Back at post #1, the intended max frequency is a bit higher: " I don't need a crazy high frequency. Even 200 kHz would be enough. " so it would take a much higher performance than the average cheap small processor module.
AND, it looks like "B" has got it with the circuit in post #14.
Yes, substituting open collector comparators for the 3 2N7002 seems like a good plan, All in one package devices should be quite similar. Four 14 pin ICs and really not that many discreet components, and no diodes or transistors to get inserted wrong. A quite good design.
 

Thread Starter

Electric-Gecko

Joined Dec 10, 2016
56
Thank you for simulating this for me. It looks like it mostly works as it's supposed to. You connected the MOSFET gates differently than I did, but that's fine if it still works.

Are the duty cycles accurate? Ideally, with the reference voltages you provided, Y3 should get half the duty cycle, as 3/(1+2+3)=0.5.

I imagine that the duty cycles may end up being more uneven than ideal because with the rather low voltage used to charge the capacitors, the charging current wouldn't be constant, but would slow down as the capacitor voltage reaches the charging voltage. I can think of 4 changes that can be made that may improve the accuracy of the timings:
  • Option 1A: Put a current limiter on the VCC pin of the SNHC02 to limit the current at which the NOR gates charge the capacitors. However, this would lead to the voltage across this IC fluctuating at a high frequency. I'm not sure if this would interfere with it's proper functioning, given how unusual that is. The current limit shouldn't be set too low, as we want the IC to stay within it's recommended operating conditions. 2 to 6 volts is recommended in the datasheet.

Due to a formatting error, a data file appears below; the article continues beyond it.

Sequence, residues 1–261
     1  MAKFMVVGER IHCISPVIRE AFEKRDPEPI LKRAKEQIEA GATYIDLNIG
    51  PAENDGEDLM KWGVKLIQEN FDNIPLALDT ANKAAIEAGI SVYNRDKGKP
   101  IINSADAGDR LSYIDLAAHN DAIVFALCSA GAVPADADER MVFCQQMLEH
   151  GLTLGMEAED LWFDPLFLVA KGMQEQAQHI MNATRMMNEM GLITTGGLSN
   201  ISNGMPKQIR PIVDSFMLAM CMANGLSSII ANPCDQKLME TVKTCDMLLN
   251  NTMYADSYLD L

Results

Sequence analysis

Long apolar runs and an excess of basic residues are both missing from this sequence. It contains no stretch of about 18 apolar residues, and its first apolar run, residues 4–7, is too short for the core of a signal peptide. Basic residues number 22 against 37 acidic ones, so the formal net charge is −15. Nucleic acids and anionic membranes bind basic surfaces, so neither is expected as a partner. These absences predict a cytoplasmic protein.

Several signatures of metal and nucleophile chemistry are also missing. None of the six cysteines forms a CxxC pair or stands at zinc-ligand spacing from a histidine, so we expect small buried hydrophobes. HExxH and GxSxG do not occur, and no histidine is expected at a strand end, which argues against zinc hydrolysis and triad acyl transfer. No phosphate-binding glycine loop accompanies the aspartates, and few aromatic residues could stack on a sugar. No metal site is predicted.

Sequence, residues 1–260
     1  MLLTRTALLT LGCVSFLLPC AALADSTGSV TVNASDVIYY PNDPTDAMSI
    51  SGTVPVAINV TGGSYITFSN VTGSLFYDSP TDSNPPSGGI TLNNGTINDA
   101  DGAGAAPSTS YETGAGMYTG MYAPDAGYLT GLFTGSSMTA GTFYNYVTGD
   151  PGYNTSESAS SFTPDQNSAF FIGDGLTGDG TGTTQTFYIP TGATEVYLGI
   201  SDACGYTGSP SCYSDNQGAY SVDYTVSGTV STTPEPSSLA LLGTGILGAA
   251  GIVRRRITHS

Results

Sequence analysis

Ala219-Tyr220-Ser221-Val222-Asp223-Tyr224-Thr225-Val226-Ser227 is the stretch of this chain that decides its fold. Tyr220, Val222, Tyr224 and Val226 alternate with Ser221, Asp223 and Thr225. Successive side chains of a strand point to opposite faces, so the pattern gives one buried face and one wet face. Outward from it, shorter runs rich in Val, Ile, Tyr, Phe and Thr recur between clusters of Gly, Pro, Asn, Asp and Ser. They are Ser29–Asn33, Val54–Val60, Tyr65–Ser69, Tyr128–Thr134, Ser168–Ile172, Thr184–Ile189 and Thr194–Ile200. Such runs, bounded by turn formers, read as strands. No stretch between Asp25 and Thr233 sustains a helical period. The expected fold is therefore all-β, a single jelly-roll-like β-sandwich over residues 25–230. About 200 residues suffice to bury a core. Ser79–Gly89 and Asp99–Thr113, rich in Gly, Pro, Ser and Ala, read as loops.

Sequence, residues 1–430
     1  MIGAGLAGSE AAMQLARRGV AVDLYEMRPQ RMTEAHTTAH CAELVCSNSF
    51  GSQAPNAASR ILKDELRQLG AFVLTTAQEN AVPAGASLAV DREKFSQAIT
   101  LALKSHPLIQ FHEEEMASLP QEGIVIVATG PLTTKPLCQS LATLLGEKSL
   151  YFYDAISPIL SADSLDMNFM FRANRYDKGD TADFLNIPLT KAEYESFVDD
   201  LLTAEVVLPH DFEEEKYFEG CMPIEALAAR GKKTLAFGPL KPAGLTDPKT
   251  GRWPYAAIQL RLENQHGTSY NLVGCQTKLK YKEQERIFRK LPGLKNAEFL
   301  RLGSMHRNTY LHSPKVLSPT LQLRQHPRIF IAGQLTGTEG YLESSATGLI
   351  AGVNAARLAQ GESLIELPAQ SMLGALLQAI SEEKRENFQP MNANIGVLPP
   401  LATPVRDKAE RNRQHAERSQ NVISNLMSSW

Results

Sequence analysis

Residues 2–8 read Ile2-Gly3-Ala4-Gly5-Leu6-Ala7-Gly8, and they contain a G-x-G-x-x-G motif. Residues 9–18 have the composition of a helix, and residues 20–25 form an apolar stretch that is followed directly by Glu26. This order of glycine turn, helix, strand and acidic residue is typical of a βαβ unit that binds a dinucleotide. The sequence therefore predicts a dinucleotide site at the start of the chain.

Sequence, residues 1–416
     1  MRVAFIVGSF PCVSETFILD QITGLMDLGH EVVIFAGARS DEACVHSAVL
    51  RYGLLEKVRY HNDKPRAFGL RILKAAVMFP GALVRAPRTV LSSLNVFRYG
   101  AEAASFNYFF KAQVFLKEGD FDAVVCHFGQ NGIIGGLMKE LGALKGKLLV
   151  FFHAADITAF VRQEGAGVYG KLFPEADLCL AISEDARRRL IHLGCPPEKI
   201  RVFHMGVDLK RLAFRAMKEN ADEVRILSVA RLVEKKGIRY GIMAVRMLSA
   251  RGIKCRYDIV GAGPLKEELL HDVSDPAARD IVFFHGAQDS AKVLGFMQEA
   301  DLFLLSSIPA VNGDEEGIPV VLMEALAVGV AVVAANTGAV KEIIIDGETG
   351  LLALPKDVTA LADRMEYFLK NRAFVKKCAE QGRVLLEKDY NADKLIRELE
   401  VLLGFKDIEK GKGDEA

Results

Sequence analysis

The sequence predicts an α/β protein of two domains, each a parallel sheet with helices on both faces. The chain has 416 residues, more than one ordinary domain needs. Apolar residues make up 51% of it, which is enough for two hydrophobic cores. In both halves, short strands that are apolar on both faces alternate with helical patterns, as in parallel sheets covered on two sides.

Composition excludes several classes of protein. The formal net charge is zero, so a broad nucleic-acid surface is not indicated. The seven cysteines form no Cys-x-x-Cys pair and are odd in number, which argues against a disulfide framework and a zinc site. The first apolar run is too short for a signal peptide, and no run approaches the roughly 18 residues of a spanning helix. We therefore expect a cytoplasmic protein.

• Option 1B: Like the one above, but instead of current limiting the NOR gates through the VCC pin, the capacitors would be charged using a current-limited buffer with a higher supply voltage. I don't know if this should be an IC or made of individual transistors.
  • Option 1C: Like the above, except that instead of a digital buffer, we use a 9V opamp to charge the capacitor with a diode connected from the capacitor to the noninverting input to limit the current. There are a few methods I have in mind to get 9 volts into the opamp input even when the SN74HC02 only outputs up to 6 volts. I can post a picture if this idea is liked, but it's more complicated than the option above.
  • Option 2A: We go back to my previous idea of making the charging times inversely proportional rather than proportional to the input voltages. The overall goal is to have each duty cycle equal to it's associated reference voltage divided by the sum of the three voltages. In this case, each capacitor is charged though two resistors connected to the other two reference voltages. Because this method allows the capacitor to be charged with voltages higher than 6 volts, it may be possible to get more accurate timing than Option 1A. Here is the what this option looks like:
    alternative-oscillator_cropped.png
    In this version, when all the reference voltages go up, the frequency of the whole cycle increases. The versions that put the reference voltage on the inverting input of a comparator instead have the frequency go down with increases in voltage.
  • Option 2B: Like Option 2A, except that current mirrors are used to for constant charging currents. This would require the current mirrors to be balanced. I'm not sure if this is feasible though.

Tomorrow I'll be back in my home city, and I will buy some components to attempt to breadboard multiple variants of this.

I've also thought about trying a version that only has one capacitor charging and discharging, but with different reference voltages being switched on and off. However, I probably won't attempt that unless the other ideas don't work well enough.